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Retailers must review own brand packaging after ECJ trade mark ruling, says expert

Supermarkets and other retailers who create own-brand goods must change the way they package them in the wake of a European court ruling on trade marks, according to a legal expert. The ruling outlaws packaging that imitates major brands, he said.18 Jun 2009

Europe's top court has said that packaging will infringe trade mark rights when it mimics major brand packaging and gains an advantage by it. The European Court of Justice (ECJ) said that this was the case even if consumers were not confused into thinking that the goods came from the major brand.

Iain Connor, an intellectual property law expert at Pinsent Masons, the law firm behind OUT-LAW.COM, said that the ruling means that any business that makes own brand goods needs to reassess its packaging designs.

"This is an important ruling which means that if someone has a packaging trade mark for a leading brand and somebody else produces lookalike packaging that intentionally imitates it, it will be found to be taking unfair advantage of that leading brand, which is outlawed," said Connor. "In terms of own brand products it could have huge implications."

The case involved L'Oréal and three companies involved in the creation and sale of perfumes which were marketed as 'smell-a-likes'. The perfumes' packaging imitated L'Oréal's and were sold according to lists of the L'Oréal fragrances which they smelled like.

L'Oréal sued the companies and argued that its activity was in breach of laws based on the European Union's Trade Marks and Comparative Advertising Directives.
The ECJ was asked whether the similarity of the perfumes produced by Bellure and sold by Malaika Investments and Starion International to L'Oréal's trade marked packaging broke the law.

Most trade mark law is designed to achieve a single purpose, which is to ensure that consumers are sure that goods and services that claim to be from a company are actually from that company.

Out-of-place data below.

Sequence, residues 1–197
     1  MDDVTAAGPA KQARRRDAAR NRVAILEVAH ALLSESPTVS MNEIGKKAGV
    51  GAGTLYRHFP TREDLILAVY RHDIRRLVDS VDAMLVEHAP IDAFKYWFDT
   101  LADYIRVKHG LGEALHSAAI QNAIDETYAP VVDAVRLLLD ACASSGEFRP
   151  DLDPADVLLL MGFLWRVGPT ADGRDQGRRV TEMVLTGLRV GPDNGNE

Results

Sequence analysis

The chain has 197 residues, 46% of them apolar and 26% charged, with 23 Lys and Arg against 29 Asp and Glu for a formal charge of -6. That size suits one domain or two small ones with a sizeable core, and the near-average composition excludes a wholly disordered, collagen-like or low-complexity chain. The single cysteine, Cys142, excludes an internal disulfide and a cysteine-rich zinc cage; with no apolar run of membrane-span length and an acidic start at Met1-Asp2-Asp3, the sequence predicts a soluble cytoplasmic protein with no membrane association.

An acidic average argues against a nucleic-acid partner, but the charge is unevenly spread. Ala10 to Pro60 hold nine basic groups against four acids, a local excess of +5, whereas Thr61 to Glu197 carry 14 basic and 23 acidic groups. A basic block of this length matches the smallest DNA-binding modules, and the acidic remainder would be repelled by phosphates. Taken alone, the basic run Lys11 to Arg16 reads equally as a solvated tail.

The Directive, though, does contain a clause which says that a trade mark offence can be committed even if there is no 'likelihood of confusion' between the goods in question and those of the trade mark owner.

Article 5 of the Directive says that use of material similar to a trade mark is not allowed where the trade mark owner "has a reputation in the Member State and where use of that sign without due cause takes unfair advantage of, or is detrimental to, the distinctive character or the repute of the trade mark".

The ECJ had to rule on whether making product packaging look similar to trade marked packaging counted as "taking unfair advantage" of a trade mark, and therefore as trade mark infringement. It said it did.

"Where a third party attempts, through the use of a sign similar to a mark with a reputation, to ride on the coat-tails of that mark in order to benefit from its power of attraction, its reputation and its prestige…the advantage resulting from such use must be considered to be an advantage that has been unfairly taken of the distinctive character or the repute of that mark," its ruling said.

"The taking of unfair advantage … does not require that there be a likelihood of confusion or a likelihood of detriment to the distinctive character or the repute of the mark or, more generally, to its proprietor," it said.

Connor said that this ruling will be vital for manufacturers and retailers, who had never before had such a clear indication of how courts would define 'unfair advantage'.

"This is the first proper expression of what it means to take unfair advantage of someone else's trade mark," he said. "It means that all leading brands have strong powers to prevent what was described as the free riding on their coat tails by competitors."

Connor said that leading brand holders' rights will extend to whatever characteristics are protected by trade marks, including colour, shape and style of packaging.

The ECJ ruling also said that it was against trade mark and comparative advertising law for the makers of imitation perfumes to produce a list detailing what of L'Oréal's fragrances they believed each perfume to smell like.

Contradicting the advice given to it by the Advocate General, the ECJ said that the use of L'Oréal's trade marks in the list was unfair even if the list did not cause confusion as to the origin of the goods for sale.